Amid the mass death of the COVID-19 pandemic, experts say there may be an unintended health benefit: The same social-distancing, mask-wearing and other measures aimed at preventing transmission of the coronavirus also may be leading to fewer cases of the flu, the common cold and other contagious illnesses.
Michelle Varela of Roosevelt noticed it in her family.
“The kids before got sick a lot, because they went to school,” Varela, 34, said in Spanish. “There was always a child with a cold, or the change in weather always affected them. But now, no. They haven’t gotten a cold or anything like that.”
There are few statistics on the prevalence of the common cold in the COVID-19 era, because people typically don’t go to the doctor for a cold. But experts said flu-test data indicates COVID-19 precautions are having an effect on influenza.
In the Northern Hemisphere, flu cases typically peak in February and continue through the end of May, but this year the number of lab-confirmed flu cases fell sharply in early April, after much of the world was in some form of a COVID-19-related lockdown, according to a May 21 article in the journal Nature.
“Public-health measures such as movement restrictions, social distancing and increased personal hygiene likely had an effect on decreasing influenza and other respiratory virus transmission,” a World Health Organization statement to Nature said.
The New York State Department of Health had planned to issue weekly flu surveillance reports through May but halted them after April 11 because there were so few new test-confirmed flu cases after an unusually sharp decline in late March and early April, department spokeswoman Jill Montag said in a statement. Social distancing and people staying home were among the likely factors in the drop, she said.
In the Southern Hemisphere, where it is now winter and peak flu season, countries are reporting a huge fall in influenza cases, The Wall Street Journal reported.
Dr. David Hirschwerk, an infectious disease specialist at New Hyde Park-based Northwell Health, said part of the reason for the decline in lab-confirmed flu cases probably is that because of a shortage of swabs and the liquid that test samples are stored in, “We were prioritizing testing for COVID and not always testing for influenza.”
The same swabs and liquids are used for both coronavirus and flu tests, he said.
Dr. Susan Donelan, medical director of health care epidemiology at Stony Brook Medicine, said although it’s unclear how much of the decline was from less flu testing and how much was from fewer actual cases, “There are a whole host of different pathogens that hopefully will be transmitted less readily if people follow the precautions they need to use to avoid the coronavirus.”
A number of bacteria and viruses are “pretty much transmitted by the same face-to-face droplet spread” as the coronavirus, including the common cold, whooping cough and respiratory syncytial virus, a common infection in children under 2, she said. Measures to reduce the spread of the coronavirus, such as covering the nose and mouth, also should help prevent the transmission of other viruses and bacteria, she said.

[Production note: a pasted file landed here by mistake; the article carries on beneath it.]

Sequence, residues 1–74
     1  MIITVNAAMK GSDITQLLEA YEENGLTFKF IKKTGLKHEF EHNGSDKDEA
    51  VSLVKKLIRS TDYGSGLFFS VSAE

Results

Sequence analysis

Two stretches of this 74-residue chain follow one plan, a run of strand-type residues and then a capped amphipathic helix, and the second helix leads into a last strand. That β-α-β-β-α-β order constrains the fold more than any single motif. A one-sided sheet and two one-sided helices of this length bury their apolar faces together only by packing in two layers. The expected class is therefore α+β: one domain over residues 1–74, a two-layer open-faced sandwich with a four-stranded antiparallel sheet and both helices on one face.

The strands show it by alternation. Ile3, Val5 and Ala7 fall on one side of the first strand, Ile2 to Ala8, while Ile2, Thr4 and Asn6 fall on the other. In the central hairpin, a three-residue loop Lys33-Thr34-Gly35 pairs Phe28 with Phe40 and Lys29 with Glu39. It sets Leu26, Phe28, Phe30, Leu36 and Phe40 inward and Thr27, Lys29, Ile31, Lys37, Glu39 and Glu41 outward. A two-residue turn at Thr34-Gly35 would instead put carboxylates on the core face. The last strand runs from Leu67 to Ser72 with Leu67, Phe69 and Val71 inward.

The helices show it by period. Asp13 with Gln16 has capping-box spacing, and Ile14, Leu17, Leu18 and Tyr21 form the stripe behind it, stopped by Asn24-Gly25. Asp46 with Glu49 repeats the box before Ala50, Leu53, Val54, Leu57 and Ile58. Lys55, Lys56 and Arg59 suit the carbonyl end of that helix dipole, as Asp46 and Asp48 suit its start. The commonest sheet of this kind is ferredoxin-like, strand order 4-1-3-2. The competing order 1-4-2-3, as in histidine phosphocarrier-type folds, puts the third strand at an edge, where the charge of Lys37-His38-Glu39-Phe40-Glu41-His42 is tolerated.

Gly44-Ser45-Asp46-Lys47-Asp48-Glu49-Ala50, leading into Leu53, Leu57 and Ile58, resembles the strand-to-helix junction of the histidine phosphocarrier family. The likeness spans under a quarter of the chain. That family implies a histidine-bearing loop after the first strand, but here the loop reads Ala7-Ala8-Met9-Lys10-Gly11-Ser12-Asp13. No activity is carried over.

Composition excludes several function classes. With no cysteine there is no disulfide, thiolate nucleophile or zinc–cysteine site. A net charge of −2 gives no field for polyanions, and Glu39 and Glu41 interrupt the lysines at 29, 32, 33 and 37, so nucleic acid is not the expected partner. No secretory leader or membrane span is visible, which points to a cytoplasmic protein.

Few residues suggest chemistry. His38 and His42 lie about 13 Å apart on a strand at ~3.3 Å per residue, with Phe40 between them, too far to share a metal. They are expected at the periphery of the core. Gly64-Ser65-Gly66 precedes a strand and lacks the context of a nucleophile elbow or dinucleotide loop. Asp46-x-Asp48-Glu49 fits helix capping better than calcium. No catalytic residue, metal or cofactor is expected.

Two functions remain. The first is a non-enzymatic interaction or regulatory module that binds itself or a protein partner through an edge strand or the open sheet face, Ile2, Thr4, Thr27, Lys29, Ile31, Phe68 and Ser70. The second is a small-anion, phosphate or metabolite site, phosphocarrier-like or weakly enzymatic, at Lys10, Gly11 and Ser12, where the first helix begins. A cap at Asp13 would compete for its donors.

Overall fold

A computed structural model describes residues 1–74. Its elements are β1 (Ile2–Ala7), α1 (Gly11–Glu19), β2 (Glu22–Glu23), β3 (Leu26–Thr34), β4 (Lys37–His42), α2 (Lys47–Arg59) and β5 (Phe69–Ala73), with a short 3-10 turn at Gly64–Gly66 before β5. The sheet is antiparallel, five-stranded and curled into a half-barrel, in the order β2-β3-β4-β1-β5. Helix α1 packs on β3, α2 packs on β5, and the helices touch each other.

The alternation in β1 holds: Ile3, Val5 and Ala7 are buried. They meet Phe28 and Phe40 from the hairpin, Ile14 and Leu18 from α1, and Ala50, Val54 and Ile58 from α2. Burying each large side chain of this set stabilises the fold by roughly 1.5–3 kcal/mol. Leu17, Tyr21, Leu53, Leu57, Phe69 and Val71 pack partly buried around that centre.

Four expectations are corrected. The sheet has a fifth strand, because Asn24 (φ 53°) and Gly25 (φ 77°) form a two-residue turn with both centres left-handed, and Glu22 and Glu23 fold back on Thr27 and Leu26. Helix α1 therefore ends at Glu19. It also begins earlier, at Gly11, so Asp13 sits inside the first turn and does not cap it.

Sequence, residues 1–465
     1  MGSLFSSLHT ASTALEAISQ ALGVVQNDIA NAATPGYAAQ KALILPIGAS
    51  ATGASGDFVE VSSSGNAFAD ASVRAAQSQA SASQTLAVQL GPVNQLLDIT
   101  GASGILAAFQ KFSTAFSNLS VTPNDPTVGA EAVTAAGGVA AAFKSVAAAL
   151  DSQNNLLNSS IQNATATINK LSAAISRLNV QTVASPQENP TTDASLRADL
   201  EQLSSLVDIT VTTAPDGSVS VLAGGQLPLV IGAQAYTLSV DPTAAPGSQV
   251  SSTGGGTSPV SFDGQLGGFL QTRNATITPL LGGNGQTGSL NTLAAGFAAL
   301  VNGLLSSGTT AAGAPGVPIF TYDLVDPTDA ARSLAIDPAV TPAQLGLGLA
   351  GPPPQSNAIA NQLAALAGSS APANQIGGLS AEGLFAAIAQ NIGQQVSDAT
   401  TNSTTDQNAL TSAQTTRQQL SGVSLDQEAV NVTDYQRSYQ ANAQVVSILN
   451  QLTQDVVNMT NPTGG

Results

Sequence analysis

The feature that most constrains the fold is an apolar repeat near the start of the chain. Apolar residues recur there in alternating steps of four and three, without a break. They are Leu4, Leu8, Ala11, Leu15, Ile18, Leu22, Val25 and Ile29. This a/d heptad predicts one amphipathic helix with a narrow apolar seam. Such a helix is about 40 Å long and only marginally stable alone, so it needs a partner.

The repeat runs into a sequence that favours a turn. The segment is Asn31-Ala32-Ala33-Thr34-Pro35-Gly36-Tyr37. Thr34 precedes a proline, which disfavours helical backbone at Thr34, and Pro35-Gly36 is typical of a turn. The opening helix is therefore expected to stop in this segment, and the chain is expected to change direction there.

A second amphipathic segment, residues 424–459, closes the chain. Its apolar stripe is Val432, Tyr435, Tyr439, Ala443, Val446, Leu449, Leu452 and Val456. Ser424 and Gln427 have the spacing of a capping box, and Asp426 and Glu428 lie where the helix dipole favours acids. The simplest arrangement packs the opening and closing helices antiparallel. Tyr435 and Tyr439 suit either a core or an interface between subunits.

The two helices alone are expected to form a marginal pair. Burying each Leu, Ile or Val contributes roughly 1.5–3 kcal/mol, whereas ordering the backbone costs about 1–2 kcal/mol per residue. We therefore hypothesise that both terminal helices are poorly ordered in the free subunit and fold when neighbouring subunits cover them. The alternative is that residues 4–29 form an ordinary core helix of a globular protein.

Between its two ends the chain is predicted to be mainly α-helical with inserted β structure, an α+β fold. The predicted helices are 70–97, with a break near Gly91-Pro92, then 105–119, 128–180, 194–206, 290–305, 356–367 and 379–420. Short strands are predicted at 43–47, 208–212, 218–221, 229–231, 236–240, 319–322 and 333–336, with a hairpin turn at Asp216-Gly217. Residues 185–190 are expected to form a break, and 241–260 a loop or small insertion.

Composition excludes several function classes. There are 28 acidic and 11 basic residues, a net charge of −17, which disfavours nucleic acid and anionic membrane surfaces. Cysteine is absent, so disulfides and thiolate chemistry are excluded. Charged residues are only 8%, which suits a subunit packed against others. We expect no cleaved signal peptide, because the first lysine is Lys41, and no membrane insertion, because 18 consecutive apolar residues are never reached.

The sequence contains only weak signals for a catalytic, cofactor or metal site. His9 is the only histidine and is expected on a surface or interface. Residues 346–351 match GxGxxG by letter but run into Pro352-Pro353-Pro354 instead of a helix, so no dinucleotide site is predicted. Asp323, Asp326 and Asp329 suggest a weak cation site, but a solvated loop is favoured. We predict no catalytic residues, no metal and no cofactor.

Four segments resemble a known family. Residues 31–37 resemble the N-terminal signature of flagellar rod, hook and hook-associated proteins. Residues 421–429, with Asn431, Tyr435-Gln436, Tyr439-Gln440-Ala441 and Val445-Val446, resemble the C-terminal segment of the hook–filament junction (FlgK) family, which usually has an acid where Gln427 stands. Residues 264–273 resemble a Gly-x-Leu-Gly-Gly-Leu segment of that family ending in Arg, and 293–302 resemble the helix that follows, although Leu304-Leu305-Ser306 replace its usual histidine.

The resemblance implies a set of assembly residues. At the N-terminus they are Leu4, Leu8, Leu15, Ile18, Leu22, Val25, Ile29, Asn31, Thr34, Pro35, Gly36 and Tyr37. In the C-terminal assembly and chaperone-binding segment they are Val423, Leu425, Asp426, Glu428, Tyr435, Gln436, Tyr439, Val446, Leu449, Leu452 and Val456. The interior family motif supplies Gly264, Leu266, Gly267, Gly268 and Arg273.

Ramon Reina, 47, of Brentwood, said in Spanish that he “used to get colds a lot. But I’m not getting them now.” His wife and 11-year-old daughter also haven’t gotten sick since the pandemic began, he said.
“We’ve been inside and keeping our distance,” he said.
Margarita Sanchez, 36, of Brentwood, who has three children, ages 12 to 16, said in Spanish that “by now, someone should have gotten a cold, but no one has. I have all this cold medicine, but we haven’t used it.”
Sanchez said she has been especially vigilant this year to look for cold and flu symptoms, because some also are coronavirus symptoms.
Those similarities mean that when the flu season begins in October, more people likely will be going to their doctors or to COVID-19 test centers seeking a COVID-19 test, including people with mild flu-like symptoms who wouldn't have gone to the doctor in the past, Hirschwerk said.
“Hopefully if there is an adequate supply of testing, then anyone who develops a respiratory illness really is going to need to think about getting tested for COVID, not just to understand their own situations for themselves individually, but for their families, and for schools and their workplaces,” he said.
That’s why it’s so important to get vaccinated against the flu this year, he said. Social distancing and face coverings, combined with flu vaccines, can reduce the prevalence of the flu and reduce the strain on the health care system from people seeking testing, and from people being hospitalized for the flu or COVID-19, he said.
Between 140,000 and 810,000 Americans have been hospitalized for influenza each year since 2010, with 12,000 to 61,000 annual deaths, according to the U.S. Centers for Disease Control and Prevention.
Experts have been warning for weeks that a second wave of coronavirus infections this fall, combined with the flu season, could overwhelm hospitals.
A flu vaccination “will save a lot of patients from having to be evaluated by their health care provider,” Hirschwerk said.